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Data centers, fracking expected to pump electricity demand in portions of PJM

Average annual load growth in the PJM Interconnection region by 2028 is projected to be slightly higher than predicted a year ago in an annual load forecast report.

A preliminary load forecast report, released Dec. 19, looks at projected changes in electricity demand over the next 10 years in each of PJM's zones and in the region as a whole. A final version of the report is due to be released by the end of December.

After accounting offsets to peak demand from rooftop and other distributed solar, overall peak demand is expect to grow 0.4% through 2028, though the preliminary 2018 forecast shows a lower summer peak demand forecast through 2023 when compared to the 2017 forecast and the winter peak demand forecast lower than the previous year's forecast to 2020 through 2021.

Growth rates vary across PJM's internal zones, with the highest peak load growth rates through 2028 in the Dominion Energy Inc. zone covering eastern Virginia and northeastern North Carolina, at 0.8% due to increasing demand from data centers, and in the Allegheny Power Systems zone, at 0.7%, which includes several FirstEnergy Corp. utility service territories and is bolstered by fracking activity, according to a presentation made during a PJM Planning Committee meeting Dec. 14.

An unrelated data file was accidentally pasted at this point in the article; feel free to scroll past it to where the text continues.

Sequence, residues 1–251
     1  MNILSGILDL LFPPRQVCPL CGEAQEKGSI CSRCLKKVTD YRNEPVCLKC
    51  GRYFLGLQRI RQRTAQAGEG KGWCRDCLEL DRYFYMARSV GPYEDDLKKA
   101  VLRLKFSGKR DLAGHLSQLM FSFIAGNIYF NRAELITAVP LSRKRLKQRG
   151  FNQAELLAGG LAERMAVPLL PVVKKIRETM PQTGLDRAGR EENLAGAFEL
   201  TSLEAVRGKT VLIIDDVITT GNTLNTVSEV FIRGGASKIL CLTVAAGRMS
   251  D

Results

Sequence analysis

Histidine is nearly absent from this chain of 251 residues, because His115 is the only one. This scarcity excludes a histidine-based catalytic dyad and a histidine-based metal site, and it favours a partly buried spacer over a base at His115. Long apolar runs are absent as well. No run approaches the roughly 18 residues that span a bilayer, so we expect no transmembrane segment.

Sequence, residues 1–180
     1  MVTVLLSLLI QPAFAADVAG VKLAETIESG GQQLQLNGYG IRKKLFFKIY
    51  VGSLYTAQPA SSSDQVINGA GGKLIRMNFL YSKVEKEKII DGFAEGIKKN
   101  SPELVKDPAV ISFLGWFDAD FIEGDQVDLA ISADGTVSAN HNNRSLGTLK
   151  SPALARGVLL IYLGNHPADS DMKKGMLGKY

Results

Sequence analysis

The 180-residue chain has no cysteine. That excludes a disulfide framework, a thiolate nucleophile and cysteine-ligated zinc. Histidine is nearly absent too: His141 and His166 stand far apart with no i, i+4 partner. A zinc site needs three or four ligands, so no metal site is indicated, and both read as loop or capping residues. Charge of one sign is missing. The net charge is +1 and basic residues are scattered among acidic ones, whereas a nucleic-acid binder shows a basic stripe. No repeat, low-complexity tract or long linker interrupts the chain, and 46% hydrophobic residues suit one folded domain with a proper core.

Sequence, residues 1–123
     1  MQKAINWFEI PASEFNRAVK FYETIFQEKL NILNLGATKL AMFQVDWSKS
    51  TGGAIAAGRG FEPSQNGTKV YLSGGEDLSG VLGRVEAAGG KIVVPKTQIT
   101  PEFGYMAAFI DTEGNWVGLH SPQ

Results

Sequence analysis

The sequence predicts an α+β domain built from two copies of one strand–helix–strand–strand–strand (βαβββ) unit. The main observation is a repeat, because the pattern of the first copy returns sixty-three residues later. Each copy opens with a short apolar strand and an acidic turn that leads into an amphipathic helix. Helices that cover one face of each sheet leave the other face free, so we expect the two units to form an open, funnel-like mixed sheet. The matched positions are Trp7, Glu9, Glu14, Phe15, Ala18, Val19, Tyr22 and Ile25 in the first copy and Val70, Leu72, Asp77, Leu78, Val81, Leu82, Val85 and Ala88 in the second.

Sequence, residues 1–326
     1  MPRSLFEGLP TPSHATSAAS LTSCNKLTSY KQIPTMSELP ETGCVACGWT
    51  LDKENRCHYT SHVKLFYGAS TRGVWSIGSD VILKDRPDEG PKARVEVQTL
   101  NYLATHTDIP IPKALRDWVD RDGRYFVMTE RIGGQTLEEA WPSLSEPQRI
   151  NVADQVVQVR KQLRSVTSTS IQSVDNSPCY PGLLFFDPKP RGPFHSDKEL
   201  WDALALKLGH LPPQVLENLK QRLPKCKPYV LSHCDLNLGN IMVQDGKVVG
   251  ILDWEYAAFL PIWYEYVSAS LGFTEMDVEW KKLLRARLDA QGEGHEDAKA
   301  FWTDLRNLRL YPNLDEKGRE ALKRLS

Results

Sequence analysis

The preliminary report predicts less solar adoption over the next 10 years than 2017's forecast in part because of the Trump administration's repeal of the Clean Power Plan, a rule set by the Obama administration to reduce U.S. power-sector carbon emissions. Had the rule gone into effect, it was expected to boost use of renewable energy and energy efficiency for states to meet interim carbon dioxide emissions reduction standards between 2022 and 2029 and final standards by 2030.

To serve summer peak demand, PJM staff predict the region will have about 1,218 MW of distributed solar, which refers to small solar projects. That amount grows to 2,900 MW in 2028 and 3,303 MW by 2033.